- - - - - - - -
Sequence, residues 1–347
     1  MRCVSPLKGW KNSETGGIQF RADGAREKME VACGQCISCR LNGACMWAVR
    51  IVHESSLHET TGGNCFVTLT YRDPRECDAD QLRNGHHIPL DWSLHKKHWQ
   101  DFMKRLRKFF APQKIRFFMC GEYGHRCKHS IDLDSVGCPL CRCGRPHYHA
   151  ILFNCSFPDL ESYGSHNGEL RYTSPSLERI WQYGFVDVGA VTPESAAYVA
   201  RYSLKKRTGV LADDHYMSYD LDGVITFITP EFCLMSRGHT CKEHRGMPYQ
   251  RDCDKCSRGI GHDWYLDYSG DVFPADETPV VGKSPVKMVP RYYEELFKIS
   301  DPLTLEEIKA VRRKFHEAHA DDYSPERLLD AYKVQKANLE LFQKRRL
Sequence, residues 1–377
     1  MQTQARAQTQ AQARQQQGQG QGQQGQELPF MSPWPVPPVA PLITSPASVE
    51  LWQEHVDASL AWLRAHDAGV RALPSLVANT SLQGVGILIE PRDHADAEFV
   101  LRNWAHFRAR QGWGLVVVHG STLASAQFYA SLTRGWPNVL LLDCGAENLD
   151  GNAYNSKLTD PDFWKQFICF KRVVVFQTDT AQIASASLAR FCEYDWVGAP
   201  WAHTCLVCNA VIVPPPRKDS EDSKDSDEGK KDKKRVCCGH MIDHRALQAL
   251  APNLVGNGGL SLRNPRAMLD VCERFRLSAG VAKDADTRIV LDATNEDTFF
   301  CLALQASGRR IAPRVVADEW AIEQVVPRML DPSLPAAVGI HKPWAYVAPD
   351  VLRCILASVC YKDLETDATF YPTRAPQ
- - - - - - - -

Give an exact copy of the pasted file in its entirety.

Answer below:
Sequence, residues 1–347
     1  MRCVSPLKGW KNSETGGIQF RADGAREKME VACGQCISCR LNGACMWAVR
    51  IVHESSLHET TGGNCFVTLT YRDPRECDAD QLRNGHHIPL DWSLHKKHWQ
   101  DFMKRLRKFF APQKIRFFMC GEYGHRCKHS IDLDSVGCPL CRCGRPHYHA
   151  ILFNCSFPDL ESYGSHNGEL RYTSPSLERI WQYGFVDVGA VTPESAAYVA
   201  RYSLKKRTGV LADDHYMSYD LDGVITFITP EFCLMSRGHT CKEHRGMPYQ
   251  RDCDKCSRGI GHDWYLDYSG DVFPADETPV VGKSPVKMVP RYYEELFKIS
   301  DPLTLEEIKA VRRKFHEAHA DDYSPERLLD AYKVQKANLE LFQKRRL
Sequence, residues 1–377
     1  MQTQARAQTQ AQARQQQGQG QGQQGQELPF MSPWPVPPVA PLITSPASVE
    51  LWQEHVDASL AWLRAHDAGV RALPSLVANT SLQGVGILIE PRDHADAEFV
   101  LRNWAHFRAR QGWGLVVVHG STLASAQFYA SLTRGWPNVL LLDCGAENLD
   151  GNAYNSKLTD PDFWKQFICF KRVVVFQTDT AQIASASLAR FCEYDWVGAP
   201  WAHTCLVCNA VIVPPPRKDS EDSKDSDEGK KDKKRVCCGH MIDHRALQAL
   251  APNLVGNGGL SLRNPRAMLD VCERFRLSAG VAKDADTRIV LDATNEDTFF
   301  CLALQASGRR IAPRVVADEW AIEQVVPRML DPSLPAAVGI HKPWAYVAPD
   351  VLRCILASVC YKDLETDATF YPTRAPQ